"9 Ways to Ensure Your Relationship Is Built to Last" Review

Stress is probably the biggest obstacle to your weight loss. Surprisingly, the root of change may need to start with your romantic relationship at home. Here are the top tips from the Livestrong article "9 Ways to Ensure Your Relationship Is Built to Last” to minimize your stress at home and maximize your focus in the personal training studio.


The best way to connect with those you love is by being present -- over and over and over again -- says wellness counselor Anne Parker. “Being present means fully engaging in what is being shared between you in that moment, truly paying attention to the thoughts, feelings, and actions you’re experiencing together.” Keep the television off as the two of you share dinner. Switch off your tablet or smartphone in the evening so you can spend time fully participating with your partner -- listening, sharing and experiencing the time you’re spending together. Parker adds that while this may sound obvious and straightforward, think about how often we let ourselves get distracted from truly paying attention. “Without engaged presence,” she says, “relationships quickly wither.”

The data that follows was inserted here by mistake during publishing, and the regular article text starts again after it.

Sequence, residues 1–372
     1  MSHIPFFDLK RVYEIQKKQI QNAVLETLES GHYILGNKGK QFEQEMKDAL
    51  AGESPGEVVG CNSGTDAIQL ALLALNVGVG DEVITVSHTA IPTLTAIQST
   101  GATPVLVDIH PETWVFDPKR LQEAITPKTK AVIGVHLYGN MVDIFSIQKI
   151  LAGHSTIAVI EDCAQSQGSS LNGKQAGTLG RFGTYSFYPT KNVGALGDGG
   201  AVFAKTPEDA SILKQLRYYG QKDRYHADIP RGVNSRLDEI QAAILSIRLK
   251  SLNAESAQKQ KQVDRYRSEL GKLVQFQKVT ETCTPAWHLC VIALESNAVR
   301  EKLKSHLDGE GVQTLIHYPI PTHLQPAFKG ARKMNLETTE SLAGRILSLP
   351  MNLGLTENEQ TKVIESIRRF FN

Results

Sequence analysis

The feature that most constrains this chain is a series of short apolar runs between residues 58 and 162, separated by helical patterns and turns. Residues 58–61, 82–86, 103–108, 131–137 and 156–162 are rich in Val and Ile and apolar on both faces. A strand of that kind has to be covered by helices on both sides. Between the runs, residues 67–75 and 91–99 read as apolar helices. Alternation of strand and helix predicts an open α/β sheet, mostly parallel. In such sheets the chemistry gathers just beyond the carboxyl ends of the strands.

Personal Trainer Wisdom: All relationships benefit from genuine, respectful interactions. In order to adequately do this, you must be present without a doubt. With the neverending distractions and demands from your professional and personal lives, you should really question what you currently offer to your partner. Are you carving out time to interact with him or her? No matter the length of time, are you fully focused on your partner when you spend time together? I’m admittingly often lured by my phone…we can always justify checking on emails for work, right? In an effort to minimize this habit, I’ve begun placing my phone to the side as soon as I walk in the door after work as well as flipping it over (with the sound off). In fact, Sammy and I usually hug as soon as we return home and then we discuss our day before the television is ever turned on (not an emoji hug). Although I’m not perfect, these little efforts add up. With my newborn son Preston joining the family, a refocus couldn’t be any more important. How can you be more present?